The ancient history of Indore narrates the ancestors or the founders of Indore to be the hereditary Zamindars and indigenous landholders (Jehangirdars) of Malwa. In Mughal times, the founders of these families were honoured with the titles such as Singh and Chaudhari, which established their control over the land. In the 18th century, control of Malwa passed to the Peshwa clan, and the Chaudharis came to be known as "Mandloi"s that was derived from Mandals, owing to the language they used and eventually the Holkars bestowed the family with the title of singh Raja. The family retained its belongings of royalty, which included having an elephant, Nishan, Danka and Gadi even after the arrival of Holkars and also retained the power of performing the first puja of Dushera (Shami Pujan) before the Holkar rulers.
Under Mughal rule, these families enjoyed great influence and were accorded confirmatory sanads by the Emperors Aurangzeb Alamgir and Farukhshayar, confirming their 'Jagir' powers. Rao Nandlal Chaudhary Zamindar, upon visiting the court of Delhi, received a special seat in the emperor's court along with two jewel-studded swords, which are now at display in the Royal British Museum under the family's name. Raja Savai Jai singh of Jaipur gifted him with a special "Gold Langar" which ascertained a special place to him in all the Durbars of India. The family's decency and influence over Malwa was influential in the rise of the Peshwas and Holkars to leadership of this region.
Rao Nandlal Chaudhary is the prime name in the history of Indore. He was the founder of Indore, the Chief Zamindar and had an army of 2000 soldiers. In 1713, Nizam was appointed as the controller of the Deccan plateau area, which started the struggle between the Marathas and the Mughals. From time to time the Maratha invaders kept distressing the people of Malwa and thus Nandlal singh arranged to pay 25000 rupees to them in return for undertaking the safety and security of his people, upon which the invaders returned back to the Deccan.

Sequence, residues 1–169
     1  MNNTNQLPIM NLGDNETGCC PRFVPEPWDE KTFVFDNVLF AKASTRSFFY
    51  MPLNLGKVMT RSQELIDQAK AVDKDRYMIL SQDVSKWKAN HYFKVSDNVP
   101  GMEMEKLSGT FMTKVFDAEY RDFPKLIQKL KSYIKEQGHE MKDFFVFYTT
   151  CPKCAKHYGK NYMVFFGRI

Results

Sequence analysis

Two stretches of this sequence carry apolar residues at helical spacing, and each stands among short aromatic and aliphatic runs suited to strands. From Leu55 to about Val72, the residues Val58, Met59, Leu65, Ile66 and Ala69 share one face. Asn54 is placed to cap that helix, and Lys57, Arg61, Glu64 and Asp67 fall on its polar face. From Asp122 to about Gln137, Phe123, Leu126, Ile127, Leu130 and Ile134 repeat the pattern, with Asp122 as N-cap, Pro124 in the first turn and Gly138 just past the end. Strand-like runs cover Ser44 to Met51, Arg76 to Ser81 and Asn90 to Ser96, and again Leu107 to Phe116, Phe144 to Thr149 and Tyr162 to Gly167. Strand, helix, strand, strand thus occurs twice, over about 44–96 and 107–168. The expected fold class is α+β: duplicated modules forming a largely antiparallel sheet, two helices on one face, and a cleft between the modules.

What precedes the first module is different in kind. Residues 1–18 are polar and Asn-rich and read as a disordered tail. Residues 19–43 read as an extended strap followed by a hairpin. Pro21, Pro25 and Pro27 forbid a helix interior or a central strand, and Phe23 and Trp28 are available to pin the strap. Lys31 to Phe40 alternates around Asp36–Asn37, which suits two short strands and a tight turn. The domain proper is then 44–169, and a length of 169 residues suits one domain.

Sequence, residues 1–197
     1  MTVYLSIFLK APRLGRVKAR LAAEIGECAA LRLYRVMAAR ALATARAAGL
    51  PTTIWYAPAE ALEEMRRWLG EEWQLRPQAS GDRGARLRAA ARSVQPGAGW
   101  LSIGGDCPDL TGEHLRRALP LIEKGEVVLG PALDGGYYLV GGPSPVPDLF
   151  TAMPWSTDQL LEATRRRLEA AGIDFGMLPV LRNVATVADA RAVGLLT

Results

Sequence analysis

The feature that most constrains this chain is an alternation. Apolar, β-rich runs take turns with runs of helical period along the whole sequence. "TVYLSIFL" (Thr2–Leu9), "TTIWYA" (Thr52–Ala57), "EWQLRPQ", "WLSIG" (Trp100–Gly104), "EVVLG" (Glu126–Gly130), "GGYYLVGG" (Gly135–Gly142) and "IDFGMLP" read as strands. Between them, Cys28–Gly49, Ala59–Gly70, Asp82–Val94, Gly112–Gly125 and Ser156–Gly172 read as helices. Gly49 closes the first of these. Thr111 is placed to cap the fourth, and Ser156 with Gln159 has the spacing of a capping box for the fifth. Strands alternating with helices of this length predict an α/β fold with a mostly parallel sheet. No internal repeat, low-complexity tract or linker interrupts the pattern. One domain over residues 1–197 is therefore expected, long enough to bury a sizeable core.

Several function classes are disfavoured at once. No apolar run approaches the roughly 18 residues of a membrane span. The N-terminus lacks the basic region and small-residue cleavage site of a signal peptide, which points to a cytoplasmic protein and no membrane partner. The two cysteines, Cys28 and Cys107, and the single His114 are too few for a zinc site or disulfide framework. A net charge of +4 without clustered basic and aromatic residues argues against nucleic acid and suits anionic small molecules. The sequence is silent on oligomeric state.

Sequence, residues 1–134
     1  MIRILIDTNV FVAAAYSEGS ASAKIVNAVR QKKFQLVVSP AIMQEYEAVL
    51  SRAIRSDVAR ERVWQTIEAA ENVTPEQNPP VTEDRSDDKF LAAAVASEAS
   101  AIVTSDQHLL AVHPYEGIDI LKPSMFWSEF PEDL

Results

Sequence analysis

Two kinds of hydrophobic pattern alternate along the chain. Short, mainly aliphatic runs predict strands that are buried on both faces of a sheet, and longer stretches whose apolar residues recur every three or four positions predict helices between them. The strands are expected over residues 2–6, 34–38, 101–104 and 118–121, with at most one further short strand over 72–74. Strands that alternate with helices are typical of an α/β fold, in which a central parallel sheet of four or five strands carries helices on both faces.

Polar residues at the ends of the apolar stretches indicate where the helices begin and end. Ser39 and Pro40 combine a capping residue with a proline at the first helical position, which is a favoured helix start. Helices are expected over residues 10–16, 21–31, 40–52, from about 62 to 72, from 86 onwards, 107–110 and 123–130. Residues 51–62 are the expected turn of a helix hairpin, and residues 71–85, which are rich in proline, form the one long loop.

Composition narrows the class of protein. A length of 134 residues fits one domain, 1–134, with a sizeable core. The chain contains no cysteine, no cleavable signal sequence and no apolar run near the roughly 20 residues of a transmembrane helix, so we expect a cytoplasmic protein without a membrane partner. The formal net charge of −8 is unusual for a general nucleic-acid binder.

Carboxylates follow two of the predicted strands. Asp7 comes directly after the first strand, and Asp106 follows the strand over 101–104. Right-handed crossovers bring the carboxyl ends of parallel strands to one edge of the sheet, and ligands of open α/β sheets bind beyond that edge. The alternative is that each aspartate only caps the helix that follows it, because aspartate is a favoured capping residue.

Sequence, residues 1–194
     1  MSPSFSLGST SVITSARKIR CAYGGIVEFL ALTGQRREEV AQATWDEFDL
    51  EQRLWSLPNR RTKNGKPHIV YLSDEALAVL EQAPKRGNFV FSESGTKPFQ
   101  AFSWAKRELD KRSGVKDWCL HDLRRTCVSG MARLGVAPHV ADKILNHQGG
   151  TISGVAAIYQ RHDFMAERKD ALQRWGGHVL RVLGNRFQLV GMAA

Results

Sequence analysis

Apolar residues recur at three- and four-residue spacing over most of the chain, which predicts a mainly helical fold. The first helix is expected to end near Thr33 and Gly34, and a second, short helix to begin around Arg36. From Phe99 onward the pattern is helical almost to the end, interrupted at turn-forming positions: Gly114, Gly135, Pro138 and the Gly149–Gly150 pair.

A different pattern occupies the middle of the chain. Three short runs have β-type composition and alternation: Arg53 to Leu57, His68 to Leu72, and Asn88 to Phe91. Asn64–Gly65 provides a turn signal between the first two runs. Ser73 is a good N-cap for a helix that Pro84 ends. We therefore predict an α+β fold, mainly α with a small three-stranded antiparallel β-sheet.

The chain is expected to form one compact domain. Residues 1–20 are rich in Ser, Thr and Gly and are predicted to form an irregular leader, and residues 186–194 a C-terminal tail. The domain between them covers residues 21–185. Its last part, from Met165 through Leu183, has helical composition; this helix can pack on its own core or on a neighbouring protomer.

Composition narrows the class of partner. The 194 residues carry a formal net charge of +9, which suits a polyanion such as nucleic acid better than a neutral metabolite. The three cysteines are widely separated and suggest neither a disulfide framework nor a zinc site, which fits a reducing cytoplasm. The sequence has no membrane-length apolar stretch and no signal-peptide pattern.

Nandlalsingh found the location of Indore to be safe and strategic, while visiting the temple of Indreshwar near the banks of river Saraswati. He started moving his people in, constructed the fort of Shree Sansthan Bada Rawala and protected them from harassment by Marathas and Mughals. The city was named Indrapur (after Lord Indreshwar), and eventually came to be known as Indore. Baji Rao Peshwa finally received the Viceroyalty of Malwa in 1743 A.D. and was acknowledged by a treaty forbidding him from ever infringing upon the rights of Zamindars. Malhar Rao Holkar was one of the four eminent personalities who guaranteed the proper fulfillment of the conditions. Upon victory the Peshwas appointed Malhar Rao Holkar as a "Subhedar", which marked the beginning of Holkars' reign in Malwa.
As a result of this defeat in the Battle of Mahidpur, the treaty of Mandsaur was signed and the Cantonment town of Mhow was ceded to the British. The treaty also stated that the capital of the Holkar state would shift from Maheshwar to Indore.
After India's independence in 1947, the modern history of Indore began along with a number of neighboring princely states that became part of the Indian state of Madhya Bharat. Indore was declared as the summer capital of this newly created state. On November 1, 1956, Madhya Bharat was fused into Madhya Pradesh and Bhopal selected the capital. The city palace was made the seat of administration of the rulers of the Malwa region - The Holkars. The Rajbada was burnt during the 1984 riots, and thus converted into a garden till 2006 when the present Maharani of Indore, H.H Ushadevi Holkar, decided to re construct the wada to its past glory. H.H Ushadevi Holkar invited architects Himanshu Dudwadkar and Shreya Bhargava to design the upcoming project and in 2007 the Rajwada found its place back in the history of Indore. Indore became the only historic structure in India to have been rebuilt with exactly the same style and poise, materials and method of construction as those of 250 years ago.